TECO directors tell shareholders to reject anti-discrimination protection for transgender people
New York City, a large shareholder of TECO Energy (Tampa Electric Company), has proposed that TECO amend its equal opportunity policy to protect its employees from discrimination based on sexual orientation and gender identity. The proposal is set to be voted on by shareholders at their annual meeting on May 5.
In February, after this proposal was filed, TECO did amend its non-discrimination policy to include sexual orientation, but it has refused to explicitly prohibit discrimination based on gender identity. TECO’s board of directors unanimously opposes the measure, and has recommended that their shareholders reject it.
In the proxy materials sent to shareholders, NYC’s Comptroller, speaking on behalf of the shares held by the city’s several retirement funds, points out:
“Over 88% of the Fortune 500 companies have adopted written nondiscrimination policies prohibiting harassment and discrimination on the basis of sexual orientation, as have more than 98% of Fortune 100 companies, according to the Human Rights Campaign; over 30% now prohibit discrimination based on gender identity;
“We believe that corporations that prohibit discrimination on the basis of sexual orientation and gender identity have a competitive advantage in recruiting and retaining employees from the widest talent pool”
TECO’s directors respond that now that they’ve amended their policy to include sexual orientation, their non-discrimination policy is “similar to that of the vast majority of other Fortune 1000 companies.” They argue that it is not necessary to also include gender identity to ensure a non-discriminatory workplace.
Without explicitly including gender identity, TECO’s policy is still not inclusive enough, said Ken Sylvester, New York’s Assistant Comptroller for Pension Policy, when I called him this morning to clarify their position. He explained that people have a wide range of ways in which they identify and express their gender, and the city of New York maintains that the companies they invest in should fully protect their employees from discrimination & harassment, no matter how they self-identify in terms of gender.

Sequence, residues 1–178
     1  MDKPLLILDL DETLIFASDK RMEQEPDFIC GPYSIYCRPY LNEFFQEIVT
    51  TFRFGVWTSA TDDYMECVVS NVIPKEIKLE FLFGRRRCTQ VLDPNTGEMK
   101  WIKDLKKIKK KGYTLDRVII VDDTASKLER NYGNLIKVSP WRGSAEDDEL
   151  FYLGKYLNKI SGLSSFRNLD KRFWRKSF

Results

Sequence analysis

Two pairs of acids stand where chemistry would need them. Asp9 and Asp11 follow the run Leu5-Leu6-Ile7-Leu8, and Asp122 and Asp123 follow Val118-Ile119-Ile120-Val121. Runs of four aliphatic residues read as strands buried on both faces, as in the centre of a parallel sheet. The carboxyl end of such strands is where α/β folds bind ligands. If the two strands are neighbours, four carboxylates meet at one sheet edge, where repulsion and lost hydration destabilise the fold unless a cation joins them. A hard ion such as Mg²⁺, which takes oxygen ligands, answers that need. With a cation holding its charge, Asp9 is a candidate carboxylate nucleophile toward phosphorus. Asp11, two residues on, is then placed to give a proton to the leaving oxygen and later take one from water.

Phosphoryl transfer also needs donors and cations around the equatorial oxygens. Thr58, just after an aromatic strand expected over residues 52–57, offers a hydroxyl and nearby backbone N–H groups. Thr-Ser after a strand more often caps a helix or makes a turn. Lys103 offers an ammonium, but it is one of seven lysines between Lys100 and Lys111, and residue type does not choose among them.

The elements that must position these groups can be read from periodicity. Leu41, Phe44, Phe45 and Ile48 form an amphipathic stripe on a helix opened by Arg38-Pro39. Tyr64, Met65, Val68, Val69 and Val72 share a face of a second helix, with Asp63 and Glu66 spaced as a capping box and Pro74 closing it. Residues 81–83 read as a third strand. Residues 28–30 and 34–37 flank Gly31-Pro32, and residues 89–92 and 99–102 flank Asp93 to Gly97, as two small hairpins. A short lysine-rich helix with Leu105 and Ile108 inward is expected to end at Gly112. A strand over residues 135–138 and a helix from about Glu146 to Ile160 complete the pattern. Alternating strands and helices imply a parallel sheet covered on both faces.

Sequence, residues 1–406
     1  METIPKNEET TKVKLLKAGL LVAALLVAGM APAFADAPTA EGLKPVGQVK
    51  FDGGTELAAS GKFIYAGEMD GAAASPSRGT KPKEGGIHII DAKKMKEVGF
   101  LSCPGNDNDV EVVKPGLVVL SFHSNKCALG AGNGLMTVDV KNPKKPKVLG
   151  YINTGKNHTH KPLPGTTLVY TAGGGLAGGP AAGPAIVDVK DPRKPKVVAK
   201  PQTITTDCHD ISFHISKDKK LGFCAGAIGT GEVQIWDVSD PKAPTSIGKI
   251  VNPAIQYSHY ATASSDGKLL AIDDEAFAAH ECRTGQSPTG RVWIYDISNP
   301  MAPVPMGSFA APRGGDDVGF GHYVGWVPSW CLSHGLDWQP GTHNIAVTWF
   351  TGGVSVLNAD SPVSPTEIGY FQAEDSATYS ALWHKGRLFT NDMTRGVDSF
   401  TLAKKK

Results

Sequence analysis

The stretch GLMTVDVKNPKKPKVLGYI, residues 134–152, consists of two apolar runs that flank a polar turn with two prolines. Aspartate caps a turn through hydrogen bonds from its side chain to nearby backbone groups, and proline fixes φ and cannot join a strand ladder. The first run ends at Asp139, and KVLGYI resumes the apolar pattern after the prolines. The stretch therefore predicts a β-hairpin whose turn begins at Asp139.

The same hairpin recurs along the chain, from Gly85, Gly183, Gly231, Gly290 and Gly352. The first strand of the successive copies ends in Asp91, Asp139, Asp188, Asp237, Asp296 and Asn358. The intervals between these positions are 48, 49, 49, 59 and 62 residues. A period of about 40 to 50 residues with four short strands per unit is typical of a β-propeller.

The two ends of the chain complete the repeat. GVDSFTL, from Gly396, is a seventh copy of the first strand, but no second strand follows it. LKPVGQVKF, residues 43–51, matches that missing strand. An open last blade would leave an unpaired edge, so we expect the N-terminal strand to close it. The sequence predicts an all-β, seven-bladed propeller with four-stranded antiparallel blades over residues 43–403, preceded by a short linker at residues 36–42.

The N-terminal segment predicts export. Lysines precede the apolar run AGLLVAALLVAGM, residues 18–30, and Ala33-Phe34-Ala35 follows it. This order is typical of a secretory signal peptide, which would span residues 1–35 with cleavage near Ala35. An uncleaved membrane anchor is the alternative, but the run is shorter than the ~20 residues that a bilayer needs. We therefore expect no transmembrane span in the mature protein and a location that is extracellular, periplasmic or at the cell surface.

The terms “gender identity” and “transgender” include people who, regardless of sexual orientation, do not meet stereotypical expectations of masculinity or femininity, including, according to Equality Florida, “a full spectrum of people ranging from effeminate men and masculine women to transsexuals — people who have or want to change sexes.” As Equality Florida says, “gender stereotypes hurt everyone.” On the flip side, the whole community benefits from welcoming diversity.
More and more businesses are recognizing the moral responsibility and the financial benefits of protecting the rights of all LGBT people. In January, the federal government added gender identity to the classes protected by the Federal Equal Employment Opportunity (EEO) policy.
If the Tampa Bay area is serious about attracting forward-thinking businesses and jobs for the 21st century, our corporate and government leadership must step out of the bush-league backwaters and embrace modern ideals of diversity and human rights.